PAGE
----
Dinosaurs were still on the menu in Winton, with a visit to the Australian Age of Dinosaurs.  With a dedicated team of staff and volunteers constantly chipping away at fossil deposits, what’s on offer at the AAOD is continually evolving (unlike the dinosaurs themselves!).  But as with Muttaburra, there’s so much more to Winton than dinosaurs. The heritage listed Corfield and Fitzmaurice Store not only has displays ranging from shearing to, yes, dinosaurs, but also offers a rare opportunity to see the virtually unaltered interior of an early 20th century general store, complete with manager’s office, clerk’s cubicle, and flying fox or cash railway for dispensing change.

Folding stools and the beautiful broad planks of the haberdashery counter at Corfield & Fitzmaurice Store, Winton.

Folding stools and the beautiful broad planks of the haberdashery counter at Corfield & Fitzmaurice Store, Winton.

Another rare survivor in Winton is the Chinese market garden and store of Willie Mar.  The garden, which had provided Winton with fresh fruit and vegetables since the 1920s when Willie’s father commenced operations, only ceased to produce commercially in 2000 when floods impacted heavily on the aging Willie and his garden.  Willie himself passed away in 2007, and many residents of Winton have vivid memories and engaging stories of Willie and his garden.  Although the fruit and vegetables are gone, Willie’s shop and house remain at the site, as well as evidence of the ingenious pond watering system common to Chinese gardens.  The Chinese skills and traditions of farming small patches of land with a continual crop yield became an essential part of community health and survival in many outback towns and the excellently interpreted Willie Mar site is a tangible reminder of this now extinct tradition.  The progress on this site will be exciting to watch as the Friends of Willie Mar continue to interpret and share the site.  A special thanks to the Friends of Willie Mar group and the volunteers at the Qantilda Museum for taking the time to share with us their wonderful collections.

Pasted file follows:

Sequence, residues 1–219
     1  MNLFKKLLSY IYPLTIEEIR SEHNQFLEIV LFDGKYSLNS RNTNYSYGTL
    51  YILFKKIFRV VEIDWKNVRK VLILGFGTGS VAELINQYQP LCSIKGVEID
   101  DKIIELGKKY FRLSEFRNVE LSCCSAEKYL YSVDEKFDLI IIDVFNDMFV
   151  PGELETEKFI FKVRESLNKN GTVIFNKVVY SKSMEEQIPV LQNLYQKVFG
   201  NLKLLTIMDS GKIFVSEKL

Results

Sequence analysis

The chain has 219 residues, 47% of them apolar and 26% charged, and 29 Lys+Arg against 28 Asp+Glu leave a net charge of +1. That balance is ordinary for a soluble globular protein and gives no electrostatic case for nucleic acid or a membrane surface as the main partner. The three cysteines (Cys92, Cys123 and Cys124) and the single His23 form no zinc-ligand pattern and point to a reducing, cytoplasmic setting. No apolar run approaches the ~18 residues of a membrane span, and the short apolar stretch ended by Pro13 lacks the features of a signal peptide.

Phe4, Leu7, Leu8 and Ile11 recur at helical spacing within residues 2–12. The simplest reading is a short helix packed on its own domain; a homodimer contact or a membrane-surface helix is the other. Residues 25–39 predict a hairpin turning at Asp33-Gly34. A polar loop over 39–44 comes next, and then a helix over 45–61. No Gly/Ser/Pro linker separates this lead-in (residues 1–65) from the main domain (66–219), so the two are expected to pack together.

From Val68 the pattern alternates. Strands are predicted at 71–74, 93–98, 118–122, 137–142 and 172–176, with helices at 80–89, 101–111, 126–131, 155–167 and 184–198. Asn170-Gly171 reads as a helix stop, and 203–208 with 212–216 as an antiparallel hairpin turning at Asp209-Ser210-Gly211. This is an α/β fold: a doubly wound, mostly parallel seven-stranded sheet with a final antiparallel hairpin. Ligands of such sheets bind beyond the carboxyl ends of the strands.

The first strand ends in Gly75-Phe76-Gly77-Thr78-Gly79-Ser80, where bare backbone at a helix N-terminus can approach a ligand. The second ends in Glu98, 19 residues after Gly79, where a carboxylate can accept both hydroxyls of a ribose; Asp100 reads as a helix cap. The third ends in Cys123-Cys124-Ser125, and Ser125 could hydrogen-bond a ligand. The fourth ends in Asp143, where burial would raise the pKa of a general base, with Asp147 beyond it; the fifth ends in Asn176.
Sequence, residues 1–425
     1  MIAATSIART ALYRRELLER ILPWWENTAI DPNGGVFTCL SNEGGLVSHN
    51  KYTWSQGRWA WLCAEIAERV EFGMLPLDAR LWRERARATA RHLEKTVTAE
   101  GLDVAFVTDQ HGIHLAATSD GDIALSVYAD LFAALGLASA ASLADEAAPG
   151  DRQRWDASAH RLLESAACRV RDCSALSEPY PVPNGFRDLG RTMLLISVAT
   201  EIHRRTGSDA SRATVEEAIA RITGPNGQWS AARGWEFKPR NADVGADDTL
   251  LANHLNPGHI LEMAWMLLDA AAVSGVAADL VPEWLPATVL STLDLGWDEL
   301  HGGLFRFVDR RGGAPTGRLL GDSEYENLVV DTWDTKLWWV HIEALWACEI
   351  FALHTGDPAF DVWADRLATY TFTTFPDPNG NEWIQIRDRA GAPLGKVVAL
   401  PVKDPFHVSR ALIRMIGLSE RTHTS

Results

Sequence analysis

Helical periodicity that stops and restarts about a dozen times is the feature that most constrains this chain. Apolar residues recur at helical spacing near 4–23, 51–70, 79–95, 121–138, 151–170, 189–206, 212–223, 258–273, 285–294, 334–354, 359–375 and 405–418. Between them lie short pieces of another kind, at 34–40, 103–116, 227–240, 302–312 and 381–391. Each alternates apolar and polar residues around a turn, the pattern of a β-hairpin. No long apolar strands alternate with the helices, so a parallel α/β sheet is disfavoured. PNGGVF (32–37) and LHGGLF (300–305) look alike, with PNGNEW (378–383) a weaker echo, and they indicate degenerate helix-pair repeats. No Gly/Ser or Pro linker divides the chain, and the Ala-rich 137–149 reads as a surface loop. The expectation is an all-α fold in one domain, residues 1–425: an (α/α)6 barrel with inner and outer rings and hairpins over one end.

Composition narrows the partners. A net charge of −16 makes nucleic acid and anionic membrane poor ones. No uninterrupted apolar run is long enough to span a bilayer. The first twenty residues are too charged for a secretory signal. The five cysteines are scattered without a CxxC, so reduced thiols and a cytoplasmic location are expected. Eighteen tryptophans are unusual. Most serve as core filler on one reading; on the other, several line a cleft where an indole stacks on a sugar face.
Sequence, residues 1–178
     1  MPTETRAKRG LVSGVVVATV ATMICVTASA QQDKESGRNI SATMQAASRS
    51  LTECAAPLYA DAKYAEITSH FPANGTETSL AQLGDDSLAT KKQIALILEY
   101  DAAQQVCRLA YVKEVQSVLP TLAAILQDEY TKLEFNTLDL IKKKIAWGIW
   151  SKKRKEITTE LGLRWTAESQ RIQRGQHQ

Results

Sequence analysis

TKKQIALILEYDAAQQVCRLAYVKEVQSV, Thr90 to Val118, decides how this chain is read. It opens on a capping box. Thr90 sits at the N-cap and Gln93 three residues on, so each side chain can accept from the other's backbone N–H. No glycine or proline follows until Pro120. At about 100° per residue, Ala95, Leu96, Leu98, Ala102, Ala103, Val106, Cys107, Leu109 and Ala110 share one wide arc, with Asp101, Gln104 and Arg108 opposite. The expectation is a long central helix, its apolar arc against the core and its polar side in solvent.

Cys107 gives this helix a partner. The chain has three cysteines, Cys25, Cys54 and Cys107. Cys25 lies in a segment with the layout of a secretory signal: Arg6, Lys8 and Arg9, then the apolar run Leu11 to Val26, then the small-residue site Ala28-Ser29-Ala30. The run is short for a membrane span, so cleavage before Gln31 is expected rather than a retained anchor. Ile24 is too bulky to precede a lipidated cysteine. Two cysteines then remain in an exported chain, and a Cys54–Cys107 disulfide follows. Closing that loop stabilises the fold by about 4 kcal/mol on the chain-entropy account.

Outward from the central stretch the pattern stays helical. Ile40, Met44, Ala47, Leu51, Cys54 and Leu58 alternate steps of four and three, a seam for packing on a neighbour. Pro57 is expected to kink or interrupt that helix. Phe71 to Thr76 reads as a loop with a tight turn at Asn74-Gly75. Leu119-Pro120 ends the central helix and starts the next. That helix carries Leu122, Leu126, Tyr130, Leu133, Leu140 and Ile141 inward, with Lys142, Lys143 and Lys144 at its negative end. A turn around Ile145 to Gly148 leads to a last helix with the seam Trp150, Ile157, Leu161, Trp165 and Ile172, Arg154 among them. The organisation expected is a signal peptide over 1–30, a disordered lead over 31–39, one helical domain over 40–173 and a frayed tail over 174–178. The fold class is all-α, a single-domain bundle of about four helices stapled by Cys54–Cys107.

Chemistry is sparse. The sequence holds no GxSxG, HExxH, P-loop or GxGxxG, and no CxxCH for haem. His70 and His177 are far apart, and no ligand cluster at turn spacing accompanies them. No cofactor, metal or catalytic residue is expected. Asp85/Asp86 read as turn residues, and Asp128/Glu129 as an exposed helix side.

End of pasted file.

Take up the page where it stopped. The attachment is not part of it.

Willie Mar's shop at the Chinese market garden site.

Willie Mar’s shop at the Chinese market garden site.